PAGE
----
Biden will visit the National September 11 Memorial and Museum in lower Manhattan, the Flight 93 crash site and memorial in Shanksville, PA and the Pentagon memorial in Arlington, VA, but he is not expected to deliver remarks.
Instead, in his 9/11 message, Biden talked of the resilience of family members who lost loved ones on that date, recalling a friend who lost his son at the North Tower of the World Trade Center, having lost another son just over a year earlier. In the days afterward, his friend “told me to tell people, ‘Don’t be afraid.'”
“The absolute courage it took after two unimaginable losses is extraordinary, yet the most ordinary of American things,” Biden said. “To know that life can be unfair and uncertain, a cruel twist of accident or a deliberate act of evil. But even in darkness, to still be the light.”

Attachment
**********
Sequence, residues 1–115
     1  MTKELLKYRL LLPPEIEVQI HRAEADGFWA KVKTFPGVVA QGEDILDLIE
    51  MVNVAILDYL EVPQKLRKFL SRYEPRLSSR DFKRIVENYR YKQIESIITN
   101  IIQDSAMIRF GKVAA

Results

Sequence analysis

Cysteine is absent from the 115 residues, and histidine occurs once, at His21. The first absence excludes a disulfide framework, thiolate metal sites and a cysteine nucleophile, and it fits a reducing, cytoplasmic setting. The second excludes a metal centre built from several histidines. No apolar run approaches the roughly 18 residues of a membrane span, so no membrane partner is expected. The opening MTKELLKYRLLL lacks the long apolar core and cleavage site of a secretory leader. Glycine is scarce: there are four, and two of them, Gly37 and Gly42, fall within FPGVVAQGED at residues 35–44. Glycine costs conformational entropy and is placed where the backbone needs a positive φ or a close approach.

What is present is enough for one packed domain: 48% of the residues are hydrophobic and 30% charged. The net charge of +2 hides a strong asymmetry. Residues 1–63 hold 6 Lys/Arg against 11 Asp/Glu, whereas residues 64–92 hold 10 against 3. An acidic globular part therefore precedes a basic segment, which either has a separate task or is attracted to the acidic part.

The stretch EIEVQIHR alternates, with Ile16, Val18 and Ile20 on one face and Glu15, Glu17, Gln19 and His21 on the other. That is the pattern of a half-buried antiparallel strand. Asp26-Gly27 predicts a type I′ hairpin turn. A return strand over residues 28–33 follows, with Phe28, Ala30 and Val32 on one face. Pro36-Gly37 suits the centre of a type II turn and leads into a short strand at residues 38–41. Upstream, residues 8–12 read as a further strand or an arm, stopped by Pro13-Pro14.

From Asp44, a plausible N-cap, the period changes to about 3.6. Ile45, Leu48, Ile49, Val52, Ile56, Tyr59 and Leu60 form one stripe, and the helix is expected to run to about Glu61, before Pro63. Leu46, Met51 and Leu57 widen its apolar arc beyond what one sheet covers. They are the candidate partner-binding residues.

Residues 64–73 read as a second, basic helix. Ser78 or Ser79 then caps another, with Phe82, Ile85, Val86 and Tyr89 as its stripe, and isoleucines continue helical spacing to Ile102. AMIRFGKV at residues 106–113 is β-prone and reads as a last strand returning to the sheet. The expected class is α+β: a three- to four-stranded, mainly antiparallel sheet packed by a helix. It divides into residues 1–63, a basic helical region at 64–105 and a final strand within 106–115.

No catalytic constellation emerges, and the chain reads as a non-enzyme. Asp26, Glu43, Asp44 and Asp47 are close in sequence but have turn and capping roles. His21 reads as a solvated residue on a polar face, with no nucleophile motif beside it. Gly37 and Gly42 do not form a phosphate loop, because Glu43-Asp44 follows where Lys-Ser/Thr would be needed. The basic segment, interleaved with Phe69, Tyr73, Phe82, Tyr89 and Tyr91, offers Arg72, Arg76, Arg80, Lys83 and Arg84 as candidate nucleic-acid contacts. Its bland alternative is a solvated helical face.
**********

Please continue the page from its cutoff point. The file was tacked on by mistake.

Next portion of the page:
Biden’s speech also was a call for national unity, at a time of sharp polarization. The president reminded that in the days after 9/11, “we saw something all too rare: a true sense of national unity.”
“Unity is our greatest strength,” Biden said.
20 years after September 11, 2001, we commemorate the 2,977 lives we lost and honor those who risked and gave their lives. As we saw in the days that followed, unity is our greatest strength. It’s what makes us who we are — and we can’t forget that. pic.twitter.com/WysK8m3LAb
— President Biden (@POTUS) September 10, 2021
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